McCormick, Brendan, Popp, Christoph, Andrews, Benjamin J., and Cottrell, Elizabeth. 2015. "Ten years of satellite observations reveal highly variable sulphur dioxide emissions at Anatahan Volcano, Mariana Islands." Journal of Geophysical Research. D. Atmospheres. 120 (14):7258–7282. https://doi.org/10.1002/2014JD022856
ID: 137108
Keywords: NH-Mineral Sciences; NMNH; Peer-reviewed
Abstract: Satellite remote sensing enables continuous multiyear observations of volcanic activity in remote settings. Anatahan (Mariana Islands) is a remote volcano in the western North Pacific. Available ground-based measurements of sulphur dioxide (SO2) gas emissions at Anatahan place it among thelargest volcanic SO2 sources worldwide. These ground-based measurements, however, are restricted to eruptive intervals. Anatahan's activity since 2003 has been dominated temporally by prolonged periods of quiescence. Using 10?years of satellite observations from OMI, AIRS, SCIAMACHY, and GOME-2, we report highly variable SO2 emissions within and between eruptive and quiescent intervals at Anatahan. We find close correspondence between levels of activity reported at the volcano and levels of SO2 emissions detected from space. Eruptive SO2 emission rates have a mean value of ~6400?t?d-1, but frequently are in excess of 20,000?t?d-1. Conversely, SO2 emissions during quiescent intervals are below the detection limit of space-based sensors and therefore are not likely to exceed ~300?t?d-1. We show that while Anatahan occupies a quiescent state for 85% of the past 10?years, only ~15% of total SO2 emissions over this interval occur during quiescence, with the remaining ~85% released in short duration but intense syn-eruptive degassing. We propose that the integration of multiyear satellite data sets and activity histories are a powerful complement to targeted ground-based campaign measurements in better describing the long-term degassing behavior of remote volcanoes.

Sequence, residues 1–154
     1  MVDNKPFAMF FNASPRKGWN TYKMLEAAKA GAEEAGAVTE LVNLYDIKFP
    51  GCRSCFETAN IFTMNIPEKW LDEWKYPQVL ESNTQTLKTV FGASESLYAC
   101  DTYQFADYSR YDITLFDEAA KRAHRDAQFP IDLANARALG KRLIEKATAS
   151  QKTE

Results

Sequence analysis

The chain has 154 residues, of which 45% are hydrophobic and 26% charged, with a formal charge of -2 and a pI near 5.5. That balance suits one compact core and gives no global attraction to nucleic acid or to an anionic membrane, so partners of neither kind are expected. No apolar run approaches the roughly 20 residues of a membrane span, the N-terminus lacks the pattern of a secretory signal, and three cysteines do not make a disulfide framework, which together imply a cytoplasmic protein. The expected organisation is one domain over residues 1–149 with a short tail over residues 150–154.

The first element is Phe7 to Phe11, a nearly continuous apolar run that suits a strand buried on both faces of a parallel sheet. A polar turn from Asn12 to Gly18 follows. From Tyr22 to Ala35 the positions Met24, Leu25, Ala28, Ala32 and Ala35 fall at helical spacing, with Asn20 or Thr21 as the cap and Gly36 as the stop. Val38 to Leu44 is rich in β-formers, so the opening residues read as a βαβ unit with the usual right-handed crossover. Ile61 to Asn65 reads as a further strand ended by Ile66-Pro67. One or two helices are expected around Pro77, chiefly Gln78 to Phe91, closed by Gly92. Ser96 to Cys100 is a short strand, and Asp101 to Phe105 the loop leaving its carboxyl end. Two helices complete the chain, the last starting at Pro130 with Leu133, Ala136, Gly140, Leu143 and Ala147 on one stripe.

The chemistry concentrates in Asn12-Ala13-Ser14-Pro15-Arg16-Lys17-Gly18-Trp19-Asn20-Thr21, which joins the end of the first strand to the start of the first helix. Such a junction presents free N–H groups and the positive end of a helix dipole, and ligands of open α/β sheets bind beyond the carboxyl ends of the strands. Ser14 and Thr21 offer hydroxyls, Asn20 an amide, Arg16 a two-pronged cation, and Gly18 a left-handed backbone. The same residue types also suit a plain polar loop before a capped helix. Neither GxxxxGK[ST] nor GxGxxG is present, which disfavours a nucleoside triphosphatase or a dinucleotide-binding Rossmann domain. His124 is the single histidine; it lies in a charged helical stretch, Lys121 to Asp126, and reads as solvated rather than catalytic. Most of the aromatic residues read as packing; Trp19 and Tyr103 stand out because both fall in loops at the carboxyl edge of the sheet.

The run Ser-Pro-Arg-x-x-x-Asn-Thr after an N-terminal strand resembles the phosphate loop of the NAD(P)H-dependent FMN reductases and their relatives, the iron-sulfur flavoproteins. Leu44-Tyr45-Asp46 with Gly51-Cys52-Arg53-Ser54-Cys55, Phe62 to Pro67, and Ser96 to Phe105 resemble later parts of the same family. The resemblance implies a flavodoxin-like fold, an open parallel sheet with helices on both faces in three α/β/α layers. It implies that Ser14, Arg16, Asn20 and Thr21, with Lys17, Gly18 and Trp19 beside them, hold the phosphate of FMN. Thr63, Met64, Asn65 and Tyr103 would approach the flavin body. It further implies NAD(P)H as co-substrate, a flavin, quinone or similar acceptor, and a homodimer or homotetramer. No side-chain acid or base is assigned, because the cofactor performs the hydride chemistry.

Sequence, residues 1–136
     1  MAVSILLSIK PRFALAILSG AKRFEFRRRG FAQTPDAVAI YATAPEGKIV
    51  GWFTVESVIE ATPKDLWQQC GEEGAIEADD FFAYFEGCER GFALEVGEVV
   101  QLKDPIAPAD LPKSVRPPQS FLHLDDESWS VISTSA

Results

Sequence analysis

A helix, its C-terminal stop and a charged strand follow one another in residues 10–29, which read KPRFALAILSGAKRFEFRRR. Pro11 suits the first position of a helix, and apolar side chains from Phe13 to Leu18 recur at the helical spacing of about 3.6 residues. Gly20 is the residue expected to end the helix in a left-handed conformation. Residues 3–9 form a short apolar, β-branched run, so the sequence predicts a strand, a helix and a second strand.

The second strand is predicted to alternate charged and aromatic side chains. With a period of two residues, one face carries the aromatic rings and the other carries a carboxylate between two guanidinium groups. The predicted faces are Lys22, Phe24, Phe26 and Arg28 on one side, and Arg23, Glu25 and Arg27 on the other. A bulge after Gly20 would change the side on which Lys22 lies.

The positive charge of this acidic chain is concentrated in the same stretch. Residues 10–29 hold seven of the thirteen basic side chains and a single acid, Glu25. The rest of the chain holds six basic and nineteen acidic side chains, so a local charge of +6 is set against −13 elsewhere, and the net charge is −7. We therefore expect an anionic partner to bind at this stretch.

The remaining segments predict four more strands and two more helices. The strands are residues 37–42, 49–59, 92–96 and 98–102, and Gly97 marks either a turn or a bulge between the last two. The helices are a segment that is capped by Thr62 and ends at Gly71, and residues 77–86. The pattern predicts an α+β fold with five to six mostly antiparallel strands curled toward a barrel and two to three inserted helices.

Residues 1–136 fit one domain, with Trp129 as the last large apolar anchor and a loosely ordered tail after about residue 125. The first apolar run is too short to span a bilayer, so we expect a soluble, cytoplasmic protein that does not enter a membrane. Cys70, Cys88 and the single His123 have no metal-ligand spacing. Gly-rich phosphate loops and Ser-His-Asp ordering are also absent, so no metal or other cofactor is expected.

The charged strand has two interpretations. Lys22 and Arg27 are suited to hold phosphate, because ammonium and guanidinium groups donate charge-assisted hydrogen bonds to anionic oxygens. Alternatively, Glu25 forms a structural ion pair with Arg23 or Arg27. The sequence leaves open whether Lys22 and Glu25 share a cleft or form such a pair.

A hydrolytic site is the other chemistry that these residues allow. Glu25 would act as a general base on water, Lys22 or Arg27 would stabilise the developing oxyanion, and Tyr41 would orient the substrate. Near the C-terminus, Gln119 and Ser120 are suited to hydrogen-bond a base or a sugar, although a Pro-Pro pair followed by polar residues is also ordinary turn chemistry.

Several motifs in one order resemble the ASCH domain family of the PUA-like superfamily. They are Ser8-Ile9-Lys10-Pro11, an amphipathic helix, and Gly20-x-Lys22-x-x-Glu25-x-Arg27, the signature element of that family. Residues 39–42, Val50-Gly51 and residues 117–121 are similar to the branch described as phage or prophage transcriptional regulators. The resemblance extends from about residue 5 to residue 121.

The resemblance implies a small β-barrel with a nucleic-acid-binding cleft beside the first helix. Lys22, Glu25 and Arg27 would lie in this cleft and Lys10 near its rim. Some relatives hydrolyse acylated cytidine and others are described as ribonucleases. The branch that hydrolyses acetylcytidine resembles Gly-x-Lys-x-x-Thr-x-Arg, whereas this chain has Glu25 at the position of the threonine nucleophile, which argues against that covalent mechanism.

ORCID(s): 0000-0001-9928-1225
Earth's Volcanoes and Their Eruptions: An OverviewSiebert, LeeCottrell, ElizabethVenzke, Edward A.Andrews, Benjamin J.Sigurdsson, Haraldur2015239255AmsterdamAcademic Press239–255978-0-12-385938-9
Siebert, Lee, Cottrell, Elizabeth, Venzke, Edward A., and Andrews, Benjamin J. 2015. "Earth's Volcanoes and Their Eruptions: An Overview." in The Encyclopedia of Volcanoes, edited by Sigurdsson, Haraldur., 2nd ed. 239–255. Amsterdam: Academic Press.
ID: 142098
Keywords: NH-Mineral Sciences; NMNH; Peer-reviewed
Abstract: Volcanoes are not random phenomena, but owe their existence, location, morphology, and eruptive styles to tectonic plate motions. Volcanic landforms vary widely in size and morphology from the stereotypical towering glacier-clad stratovolcano. They range from small spatter cones to massive shield volcanoes several thousand cubic kilometers in volume or broad volcanic depressions, cinder cones being the most common volcanic construct. Their eruptions likewise span many orders of magnitude in volume. Evaluation of eruption magnitudes and frequencies contrasts the vast majority of mild-to-moderate eruptions (~80% with volcanic explosivity index, or VEI <=2) with the more infrequent larger, higher-impact events (5% with VEI >=4). Increased risk from population growth in proximity to volcanoes has been mitigated by enhanced monitoring and hazard-reduction efforts.
ORCID(s): 0000-0001-9928-1225
Rapid Crystallization of Plagioclase Phenocrysts in Silicic Melts during Fluid-saturated Ascent: Phase Equilibrium and Decompression ExperimentsWaters, Laura E.Andrews, Benjamin J.Lange, Rebecca A.2015DOI: info:10.1093/petrology/egv025Journal of Petrologyv. 56No. 59811006OxfordOxford University Press981–10060022-3530
Waters, Laura E., Andrews, Benjamin J., and Lange, Rebecca A. 2015. "Rapid Crystallization of Plagioclase Phenocrysts in Silicic Melts during Fluid-saturated Ascent: Phase Equilibrium and Decompression Experiments." Journal of Petrology. 56 (5):981–1006. https://doi.org/10.1093/petrology/egv025